running! It’s 20 meters along this wall on the inner courtyard of
the Bac de Roda Housing Cooperative in Poblenou, a neighborhood of Barcelona,
The new stop-action installation is meant to freeze for a moment the emotions and sensations that can occur during migration – which many people are forced today to do all over the world, whether they are escaping from hardship, fear, war, environmental extremes, or decimated economies.
Vázquez wants us to think about the distance that people run, and how crossing
a simple national boundary can be the difference between life and death. If you
studied Western art history, these figures may also call to mind warriors and
heroes of so-called classical antiquity.
says he has captured “through a sequence of movements, different snapshots
which reflect a mosaic of unique expressions.” This, he says, is “a figure who
symbolically represents all who they have made a migratory journey risking
Cadiz, now living in Barcelona, Vázquez is participating in the fourth edition
of MURAL / LOCAL, an artistic action that annually renews this wall. He would
like to thank his subject Mourad as well as his fellow artist Magda Cwik, who
assisted him in hanging the new installation. Our thanks go to photographer Lluis
Olive Bulbena, who shares his photos of this new work with BSA readers.
Barcelona, Spain has begun
the process of re-opening the city from the confines of Covid-19. Lluis Olive,
a frequent BSA collaborator tells us that phase I of re-opening includes bars
and restaurants but only at 50% of their capacity. Stores under 400 square
meters are also allowed to re-open. Groups up to 15 individuals are permitted
to gather in public as well. For him this is a welcome relief for much needed
And what does a street art
fan and photographer do when you let him outside after weeks stuck in his home?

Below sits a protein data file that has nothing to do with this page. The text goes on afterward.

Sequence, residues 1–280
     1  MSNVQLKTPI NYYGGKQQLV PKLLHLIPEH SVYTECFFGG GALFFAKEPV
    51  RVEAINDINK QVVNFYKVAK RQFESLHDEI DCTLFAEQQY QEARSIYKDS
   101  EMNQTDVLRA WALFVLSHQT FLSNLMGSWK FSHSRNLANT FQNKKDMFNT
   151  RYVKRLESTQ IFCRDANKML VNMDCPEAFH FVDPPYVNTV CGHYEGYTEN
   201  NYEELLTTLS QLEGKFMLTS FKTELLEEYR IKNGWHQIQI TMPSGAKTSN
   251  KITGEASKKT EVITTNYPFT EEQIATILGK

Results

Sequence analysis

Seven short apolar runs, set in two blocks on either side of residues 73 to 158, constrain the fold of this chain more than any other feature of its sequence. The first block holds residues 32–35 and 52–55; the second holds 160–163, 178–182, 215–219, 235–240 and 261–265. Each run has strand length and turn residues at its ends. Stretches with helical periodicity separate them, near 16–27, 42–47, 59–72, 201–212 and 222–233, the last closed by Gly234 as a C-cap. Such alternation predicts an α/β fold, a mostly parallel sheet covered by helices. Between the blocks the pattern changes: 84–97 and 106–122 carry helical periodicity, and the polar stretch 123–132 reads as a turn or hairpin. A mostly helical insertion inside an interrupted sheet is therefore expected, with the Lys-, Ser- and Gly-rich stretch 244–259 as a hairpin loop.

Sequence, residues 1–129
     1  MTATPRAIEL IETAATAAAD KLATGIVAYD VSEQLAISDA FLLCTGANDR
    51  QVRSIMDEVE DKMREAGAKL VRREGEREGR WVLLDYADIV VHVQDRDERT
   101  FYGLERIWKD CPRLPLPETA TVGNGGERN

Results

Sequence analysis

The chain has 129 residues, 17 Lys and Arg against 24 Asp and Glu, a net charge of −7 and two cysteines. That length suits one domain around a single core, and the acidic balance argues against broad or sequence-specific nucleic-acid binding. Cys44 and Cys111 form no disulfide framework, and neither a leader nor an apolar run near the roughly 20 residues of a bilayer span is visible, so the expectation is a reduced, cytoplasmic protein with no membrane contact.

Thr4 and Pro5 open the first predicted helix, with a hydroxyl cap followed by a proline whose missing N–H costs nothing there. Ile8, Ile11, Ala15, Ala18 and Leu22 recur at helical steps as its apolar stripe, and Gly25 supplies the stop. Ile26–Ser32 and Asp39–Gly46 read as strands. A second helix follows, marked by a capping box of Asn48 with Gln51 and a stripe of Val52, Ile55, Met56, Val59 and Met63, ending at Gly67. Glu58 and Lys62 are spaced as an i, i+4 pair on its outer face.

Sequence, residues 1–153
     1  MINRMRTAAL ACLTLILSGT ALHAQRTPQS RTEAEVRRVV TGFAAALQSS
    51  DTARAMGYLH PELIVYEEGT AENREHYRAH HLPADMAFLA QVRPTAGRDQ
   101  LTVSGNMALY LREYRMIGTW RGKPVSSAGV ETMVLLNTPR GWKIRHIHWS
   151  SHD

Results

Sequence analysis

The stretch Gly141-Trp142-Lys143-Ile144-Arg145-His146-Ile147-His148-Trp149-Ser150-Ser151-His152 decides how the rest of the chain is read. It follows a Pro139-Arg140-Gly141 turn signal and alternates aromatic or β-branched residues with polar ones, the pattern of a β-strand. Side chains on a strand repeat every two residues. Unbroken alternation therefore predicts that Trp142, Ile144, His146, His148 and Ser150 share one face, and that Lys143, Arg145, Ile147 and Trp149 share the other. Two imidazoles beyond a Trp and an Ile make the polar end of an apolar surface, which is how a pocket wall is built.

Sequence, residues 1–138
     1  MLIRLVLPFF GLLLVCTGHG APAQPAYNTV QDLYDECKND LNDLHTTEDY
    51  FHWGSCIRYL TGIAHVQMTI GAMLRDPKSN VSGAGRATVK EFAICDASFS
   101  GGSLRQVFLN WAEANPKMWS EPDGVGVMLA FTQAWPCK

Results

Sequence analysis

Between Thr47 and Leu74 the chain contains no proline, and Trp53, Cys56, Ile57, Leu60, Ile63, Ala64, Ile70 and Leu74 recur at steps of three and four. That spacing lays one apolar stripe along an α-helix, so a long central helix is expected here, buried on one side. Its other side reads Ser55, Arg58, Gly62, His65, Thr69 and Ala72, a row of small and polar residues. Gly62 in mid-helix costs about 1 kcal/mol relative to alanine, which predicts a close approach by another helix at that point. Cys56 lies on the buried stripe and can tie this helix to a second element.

That’s right, he captures the voice of the artists in the public sphere.
Here Mr. Olive shares a few
shots on the streets of Barcelona – artists’ view on the pandemic.
Typically you may expect to be praying the novena and asking God for absolution of your dastardly sins here in this sprawling compound called The Konvent near Barcelona. While no one would stop you today, you may also wish to check out a number of new installations throughout the many buildings by Street Artists.
The Roman Catholic former convent hosted 50 or so artists over the last couple of years to transform the space, perhaps to reinterpret its original charge in a modern light, perhaps just to ready the compound for commercial, cultural, and community pursuits of the owners.
Certainly the decaying spaces and austere aesthetic is inviting, calming, possibly frightening, depending on your associations. Now they are home for music, dance, theatre, film festivals, and artist residencies – often offered only in Catalan but some also in European Spanish.
As you walk through the spaces you are welcomed by these works by artists, many of them at one time or another categorized as Street Artists, whose voices now usher in a new era of contemplation and perhaps internal exploration.
Our thanks to photogapher and BSA contributor Lluis Olive Bulbena for sharing these images from El Konvent.
For more information about El Konvent please Click HERE